Harvest and post-harvest processing[edit]

Harvesting is mostly still done by hand. As soon as the grains reach maturity, usually during July or August, men cut the fonio with sickles whilst woman and children collect them to sheaves. A facilitation is the use of a motor-driven mower. They have to be stored in a dry and airy space to prevent mould formation. During the dry season the sheaves are piled to big stacks in the sun to dry them completely. Threshing is done as well manually. Tractor-driven threshers are rarely used because of the higher costs and the higher loss of the small grains. The grains are stored loosely in storehouses. Before consumption the spelts have to be removed, they are not digestable. This process is traditionally done by women in mortars. After the fifth decortication the fonio is called "whitened". Adhering grit and sand is washed of with the help of gourds. This process demands very skilled woman and up to 10 liters clean water for one kilogram of fonio.[12]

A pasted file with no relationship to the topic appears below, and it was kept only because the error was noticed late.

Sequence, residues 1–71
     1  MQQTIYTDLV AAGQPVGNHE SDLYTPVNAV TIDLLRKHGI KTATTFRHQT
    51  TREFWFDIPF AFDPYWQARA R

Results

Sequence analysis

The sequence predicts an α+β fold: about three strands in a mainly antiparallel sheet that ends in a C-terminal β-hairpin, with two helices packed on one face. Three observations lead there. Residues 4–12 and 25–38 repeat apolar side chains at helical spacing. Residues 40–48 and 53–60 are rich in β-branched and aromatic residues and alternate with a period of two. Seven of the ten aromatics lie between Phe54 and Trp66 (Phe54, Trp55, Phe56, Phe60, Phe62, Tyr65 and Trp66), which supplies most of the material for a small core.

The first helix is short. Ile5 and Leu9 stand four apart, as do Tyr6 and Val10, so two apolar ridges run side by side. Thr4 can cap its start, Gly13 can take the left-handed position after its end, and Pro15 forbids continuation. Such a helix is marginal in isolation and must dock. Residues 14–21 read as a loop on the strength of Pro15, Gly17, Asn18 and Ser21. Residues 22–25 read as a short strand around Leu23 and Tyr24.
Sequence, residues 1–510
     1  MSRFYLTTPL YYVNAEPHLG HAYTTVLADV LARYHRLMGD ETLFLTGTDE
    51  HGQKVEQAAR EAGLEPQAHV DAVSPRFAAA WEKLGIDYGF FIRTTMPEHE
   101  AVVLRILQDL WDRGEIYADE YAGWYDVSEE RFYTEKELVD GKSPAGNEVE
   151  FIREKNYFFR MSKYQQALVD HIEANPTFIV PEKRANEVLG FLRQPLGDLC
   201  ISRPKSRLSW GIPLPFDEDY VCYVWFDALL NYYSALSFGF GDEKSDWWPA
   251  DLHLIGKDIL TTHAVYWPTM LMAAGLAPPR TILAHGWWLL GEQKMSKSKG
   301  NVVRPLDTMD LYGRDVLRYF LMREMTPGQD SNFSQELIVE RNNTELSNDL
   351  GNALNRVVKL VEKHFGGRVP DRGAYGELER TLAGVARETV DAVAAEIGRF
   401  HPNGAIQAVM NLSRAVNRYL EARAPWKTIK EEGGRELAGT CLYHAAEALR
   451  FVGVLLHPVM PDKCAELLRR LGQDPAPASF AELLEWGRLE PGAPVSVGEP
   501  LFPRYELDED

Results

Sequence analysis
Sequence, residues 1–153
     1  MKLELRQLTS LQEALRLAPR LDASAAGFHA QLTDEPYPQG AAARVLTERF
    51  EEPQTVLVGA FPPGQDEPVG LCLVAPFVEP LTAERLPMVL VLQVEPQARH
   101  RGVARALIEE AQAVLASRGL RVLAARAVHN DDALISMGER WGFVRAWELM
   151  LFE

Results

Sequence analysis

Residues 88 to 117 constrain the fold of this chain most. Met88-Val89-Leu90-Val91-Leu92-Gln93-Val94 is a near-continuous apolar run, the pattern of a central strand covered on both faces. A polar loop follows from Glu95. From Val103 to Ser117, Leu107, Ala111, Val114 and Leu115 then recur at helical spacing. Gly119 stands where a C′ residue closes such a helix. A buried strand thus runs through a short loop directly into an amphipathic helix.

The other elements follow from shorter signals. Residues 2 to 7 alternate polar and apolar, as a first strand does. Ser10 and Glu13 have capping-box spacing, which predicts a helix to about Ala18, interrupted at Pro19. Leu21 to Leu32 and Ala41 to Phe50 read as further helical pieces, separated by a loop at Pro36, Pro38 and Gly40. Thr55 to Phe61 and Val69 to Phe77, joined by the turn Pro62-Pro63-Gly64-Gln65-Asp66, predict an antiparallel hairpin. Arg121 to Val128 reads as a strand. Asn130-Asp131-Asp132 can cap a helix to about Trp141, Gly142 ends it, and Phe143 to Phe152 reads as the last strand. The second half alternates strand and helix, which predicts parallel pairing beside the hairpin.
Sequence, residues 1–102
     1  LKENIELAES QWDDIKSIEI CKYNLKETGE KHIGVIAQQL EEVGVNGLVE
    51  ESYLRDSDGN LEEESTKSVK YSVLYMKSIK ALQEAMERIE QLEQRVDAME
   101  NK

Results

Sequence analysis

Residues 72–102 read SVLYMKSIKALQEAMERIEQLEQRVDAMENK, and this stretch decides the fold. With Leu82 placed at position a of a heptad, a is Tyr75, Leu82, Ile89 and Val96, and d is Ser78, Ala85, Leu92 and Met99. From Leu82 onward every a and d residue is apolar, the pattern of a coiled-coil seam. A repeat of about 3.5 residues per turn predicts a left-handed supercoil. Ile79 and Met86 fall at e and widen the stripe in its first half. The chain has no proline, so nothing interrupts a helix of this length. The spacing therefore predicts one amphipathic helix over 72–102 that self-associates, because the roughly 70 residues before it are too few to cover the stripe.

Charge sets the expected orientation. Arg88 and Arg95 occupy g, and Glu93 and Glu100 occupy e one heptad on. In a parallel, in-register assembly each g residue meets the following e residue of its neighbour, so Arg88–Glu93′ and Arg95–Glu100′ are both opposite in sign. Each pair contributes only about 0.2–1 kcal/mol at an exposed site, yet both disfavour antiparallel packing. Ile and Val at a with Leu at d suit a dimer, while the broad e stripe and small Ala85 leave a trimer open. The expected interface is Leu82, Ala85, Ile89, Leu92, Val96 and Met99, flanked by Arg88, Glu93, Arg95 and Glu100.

Instead of the labour-intensive manual processing machines could be used. There has been much effort for a long time to obtain efficient machines. The same threshing-machine used for rice could be adapted with some technical modification for fonio. Because of the high cost and performance of such machines they have to be operated by multiple villages to be economically efficient. To clean the threshed seeds winnowing machines or rotational sieves could be used. The CIRAD developed a decortication machine of the GMBF type especially for fonio.[12][16]